Moreover, in the above embodiments, the gap of the upper head is provided closer t the inner side than that of the lower head. However, the reverse may also be used. Therefore, this invention includes the latter case in which the above description is applied by exchanging "upper" and "lower" and "inner" and "outer," respectively.

It can thus be seen that in the conventional head, the gap thereof frequently does not contact the disk properly. However, in the head accordingly to this invention, the influence of a distortion of the disk is reduced. The head of the instant invention is designed so as to adapt to and allow for such distortion. Thus, stable and good contact between the head and the disk at the portion near the gap is obtained, even though the allowable distance between the head and the disk is limited to 0.1 to 0.2 microns.

The most important effect of this invention is that a good contacting condition between the head and the disk is realized and a good output is obtained in a small-sized (for example, of the industrial standard of 3.5 or 3 inches) and rigid disk, as well as in a large-sized (for example, of the industrial standard of 8 or 5.25 inches) disk.

The concrete effect of this invention is shown in FIG. 13. FIG. 13 (a) shows the relation between the height of the head and output thereof for the conventional head. FIG. 13 (b) shows that of the head which combines the features of the first, second, third, fourth and fifth embodiments. A micro floppy disk having a diameter of approximately 3.5 inches was used to obtain the results shown in FIG. 13. In this disk, as a steel hub is used at the center, the rigidity of the innermost track of the disk is extremely high and thereby greatly affects the output of the heads. From FIG. 13, it is shown that the instant invention offers stable and good output over a wide range of positions of a head. In the head according to the instant invention, the following effects are obtained:

In the region above line 12, which shows limit of relative output, good output of the upper and the lower heads is obtained over a wide range of the height of the head. It is not necessary to change the type of head, the floppy disk or the floppy disk drive system. Rather, only some changes in the design of the head and chamfering conditions are required. Therefore it is possible to omit some of the processes of manufacturing of a floppy disk drive system such as the adjustment of the position of the head and to simplify the structure of a floppy disk drive system. Accordingly, the manufacturing cost thereof is reduced by the practicing of the instant invention.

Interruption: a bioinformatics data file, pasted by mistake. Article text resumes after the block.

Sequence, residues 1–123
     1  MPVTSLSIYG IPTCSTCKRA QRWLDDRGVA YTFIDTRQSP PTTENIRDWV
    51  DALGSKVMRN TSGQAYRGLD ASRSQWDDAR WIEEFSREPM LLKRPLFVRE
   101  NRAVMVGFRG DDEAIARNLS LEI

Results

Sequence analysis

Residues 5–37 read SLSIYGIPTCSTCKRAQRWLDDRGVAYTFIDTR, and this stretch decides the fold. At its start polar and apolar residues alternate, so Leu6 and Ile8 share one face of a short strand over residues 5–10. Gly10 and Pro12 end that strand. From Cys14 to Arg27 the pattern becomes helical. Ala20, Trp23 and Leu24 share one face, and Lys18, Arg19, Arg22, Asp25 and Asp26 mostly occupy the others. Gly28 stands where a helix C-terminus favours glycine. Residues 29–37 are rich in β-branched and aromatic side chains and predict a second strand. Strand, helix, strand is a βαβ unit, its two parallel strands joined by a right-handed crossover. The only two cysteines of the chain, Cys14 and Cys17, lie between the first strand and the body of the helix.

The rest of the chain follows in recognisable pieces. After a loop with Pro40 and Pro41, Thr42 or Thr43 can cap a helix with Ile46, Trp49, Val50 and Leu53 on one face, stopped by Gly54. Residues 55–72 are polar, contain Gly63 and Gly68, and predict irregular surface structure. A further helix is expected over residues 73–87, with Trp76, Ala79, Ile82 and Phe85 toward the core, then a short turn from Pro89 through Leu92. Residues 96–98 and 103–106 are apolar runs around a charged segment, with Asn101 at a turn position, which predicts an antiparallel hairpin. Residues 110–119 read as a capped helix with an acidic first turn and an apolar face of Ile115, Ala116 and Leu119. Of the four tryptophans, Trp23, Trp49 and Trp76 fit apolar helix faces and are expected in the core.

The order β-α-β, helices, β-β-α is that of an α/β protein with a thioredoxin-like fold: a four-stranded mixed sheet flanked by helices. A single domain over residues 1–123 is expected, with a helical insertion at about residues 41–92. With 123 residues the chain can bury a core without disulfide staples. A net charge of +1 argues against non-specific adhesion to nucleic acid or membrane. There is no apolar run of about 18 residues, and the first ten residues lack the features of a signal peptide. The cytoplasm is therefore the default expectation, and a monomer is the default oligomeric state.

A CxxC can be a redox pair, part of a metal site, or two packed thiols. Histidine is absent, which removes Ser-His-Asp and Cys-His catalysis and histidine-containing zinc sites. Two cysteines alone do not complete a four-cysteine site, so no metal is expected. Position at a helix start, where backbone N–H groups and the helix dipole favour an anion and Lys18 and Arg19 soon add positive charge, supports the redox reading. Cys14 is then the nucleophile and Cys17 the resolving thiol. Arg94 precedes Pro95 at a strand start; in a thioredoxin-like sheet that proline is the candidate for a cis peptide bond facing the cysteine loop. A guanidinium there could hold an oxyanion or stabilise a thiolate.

Furthermore, this invention offers a method by which a stable and good contact between a gap of the head and the disk is provided. On the other hand, in the conventional head, the load applied to the head has to be increased in order to urge the disk to the head. As shown from the above, the instant invention provides a good contact condition without such secondary means as in the conventional head systems. As a result, the instant invention enables one to reduce the load applied to the head and thus avoid abrasion and damage of the disk resulting from contact with the head.

This invention may be used for any double-sided head arrangement provided in a floppy disk drive system. The invention may be applied to all of the floppy disk standard sizes having diameters such as 8 inches, 5.25 inches, 3.5 inches, 3 inches and so on. In the case of using the disk with a large diameter, for example, an 8 inch diameter, the radius of the inner track is large and rigidity of the disk is low, so that very good output is obtained without applying this invention. On the other hand, a disk with a diameter of 5.25 inches or less shows effects when applying this invention. In particular, the invention is useful when a disk with a diameter of 3.5 inches or less and a large hub is used. Therefore, as mentioned above, when the rigidity of the disk is high, significant improved effects may be expected in the head according to this invention. Furthermore, where the surface of the disk for a vertical magnetic recording is covered with metallic film such as cobalt or chrome by metallizing or sputtering, the rigidity of the disk is greater than that of an ordinary coated disk for a horizontal magnetic recording. Therefore, it can be seen that the combination of both heads according to this invention has a much improved effect.